‘World’s Fastest’ Subsea Internet Connection Starts Service
A Google SVP said the cable linking the U.S. and Japan has a capacity "10 million times faster than your cable modem"
A $300 million Google-backed fiber optic cable that runs between the U.S. and Japan and provides internet speeds as fast as 60 terabits per second began service on Thursday.
Urs Hölzle, senior vice president for technical infrastructure at Google, said in a post on Google Plus that the cable’s capacity to deliver 60 terabits per second of bandwidth is “more than any active subsea cable,” and “10 million times faster than your cable modem.”
The cable, called the “FASTER Cable System,” extends nearly 5,600 miles under the Pacific, running between Oregon and two locations in Japan. In the U.S., it will serve hubs including Los Angeles, the Bay Area, Portland, and Seattle, according to the NEC, a Japanese IT service provider that built the cable system. NEC said major Japanese cities and “other Asian locations” would also benefit from the new connection, which was backed by several Asian telecommunications companies in addition to Google.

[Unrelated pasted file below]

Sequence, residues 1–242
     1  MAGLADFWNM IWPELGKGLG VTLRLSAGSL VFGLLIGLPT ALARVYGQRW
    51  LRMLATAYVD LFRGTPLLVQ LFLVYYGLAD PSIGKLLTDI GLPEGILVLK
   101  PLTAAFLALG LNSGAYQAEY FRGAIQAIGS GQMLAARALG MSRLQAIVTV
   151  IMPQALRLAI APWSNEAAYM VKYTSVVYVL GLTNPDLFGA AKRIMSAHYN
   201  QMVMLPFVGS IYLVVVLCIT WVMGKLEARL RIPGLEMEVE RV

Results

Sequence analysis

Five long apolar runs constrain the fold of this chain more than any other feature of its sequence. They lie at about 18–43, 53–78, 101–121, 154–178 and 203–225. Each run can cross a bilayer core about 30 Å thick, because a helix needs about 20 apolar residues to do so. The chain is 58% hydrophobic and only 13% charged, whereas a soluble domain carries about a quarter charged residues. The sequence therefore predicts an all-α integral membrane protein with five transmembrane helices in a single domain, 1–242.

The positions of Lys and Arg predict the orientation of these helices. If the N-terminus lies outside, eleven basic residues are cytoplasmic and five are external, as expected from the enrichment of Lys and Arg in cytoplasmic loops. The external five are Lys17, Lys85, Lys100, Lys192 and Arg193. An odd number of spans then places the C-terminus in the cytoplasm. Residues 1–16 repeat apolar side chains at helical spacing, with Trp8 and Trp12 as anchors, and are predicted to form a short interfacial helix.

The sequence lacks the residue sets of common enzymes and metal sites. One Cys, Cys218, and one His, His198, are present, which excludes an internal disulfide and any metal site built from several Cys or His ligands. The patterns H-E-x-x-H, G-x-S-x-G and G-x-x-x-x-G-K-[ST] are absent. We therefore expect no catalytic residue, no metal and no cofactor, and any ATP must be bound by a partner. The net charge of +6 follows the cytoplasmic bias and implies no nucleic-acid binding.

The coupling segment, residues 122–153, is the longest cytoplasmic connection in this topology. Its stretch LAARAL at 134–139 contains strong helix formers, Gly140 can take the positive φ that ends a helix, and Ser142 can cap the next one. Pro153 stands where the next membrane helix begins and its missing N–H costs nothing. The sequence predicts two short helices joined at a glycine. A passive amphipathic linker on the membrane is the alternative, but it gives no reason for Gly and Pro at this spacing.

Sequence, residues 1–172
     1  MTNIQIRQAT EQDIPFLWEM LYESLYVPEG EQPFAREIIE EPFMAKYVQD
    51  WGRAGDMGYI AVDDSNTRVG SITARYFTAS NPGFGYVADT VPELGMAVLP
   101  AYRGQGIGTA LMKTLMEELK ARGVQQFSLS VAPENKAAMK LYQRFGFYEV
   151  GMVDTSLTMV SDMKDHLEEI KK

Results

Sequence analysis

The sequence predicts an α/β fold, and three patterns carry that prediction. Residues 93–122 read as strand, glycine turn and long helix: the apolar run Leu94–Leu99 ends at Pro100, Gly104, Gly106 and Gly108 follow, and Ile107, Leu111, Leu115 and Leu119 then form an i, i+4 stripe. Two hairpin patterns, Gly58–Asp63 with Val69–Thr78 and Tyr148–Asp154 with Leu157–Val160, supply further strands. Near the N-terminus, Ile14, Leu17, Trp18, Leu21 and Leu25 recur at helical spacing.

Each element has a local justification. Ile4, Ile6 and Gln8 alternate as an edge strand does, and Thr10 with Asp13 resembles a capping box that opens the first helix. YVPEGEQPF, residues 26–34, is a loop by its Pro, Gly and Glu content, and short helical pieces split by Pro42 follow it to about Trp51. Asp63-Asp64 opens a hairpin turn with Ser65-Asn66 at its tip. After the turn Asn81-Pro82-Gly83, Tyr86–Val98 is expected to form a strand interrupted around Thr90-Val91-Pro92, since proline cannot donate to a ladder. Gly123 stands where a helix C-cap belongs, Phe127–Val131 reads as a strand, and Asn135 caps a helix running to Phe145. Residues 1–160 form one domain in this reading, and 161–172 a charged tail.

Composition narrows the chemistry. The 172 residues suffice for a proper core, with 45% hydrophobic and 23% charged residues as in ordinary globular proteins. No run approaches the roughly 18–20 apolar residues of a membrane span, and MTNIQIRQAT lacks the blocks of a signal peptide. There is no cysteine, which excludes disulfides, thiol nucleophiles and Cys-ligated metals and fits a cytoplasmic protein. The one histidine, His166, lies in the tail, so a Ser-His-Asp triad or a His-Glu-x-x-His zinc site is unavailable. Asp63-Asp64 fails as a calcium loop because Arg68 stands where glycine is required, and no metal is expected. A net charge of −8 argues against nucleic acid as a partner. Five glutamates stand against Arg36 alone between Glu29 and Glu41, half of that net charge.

“FASTER is one of just a few hundred submarine cables connecting various parts of the world, which collectively form an important backbone that helps run the Internet,” Google’s Hölzle said.
NEC announced the project in August 2014 and said on Wednesday it had finished building the cable and end-to-end testing. The cable was built using “extremely low loss fiber” that helps enable such a fast connection, the company said.
Hölzle said the cable would provide a “more reliable, more secure and FASTER public cloud” for the company’s Google Cloud Platform in Japan, which is due to open in Tokyo later in 2016.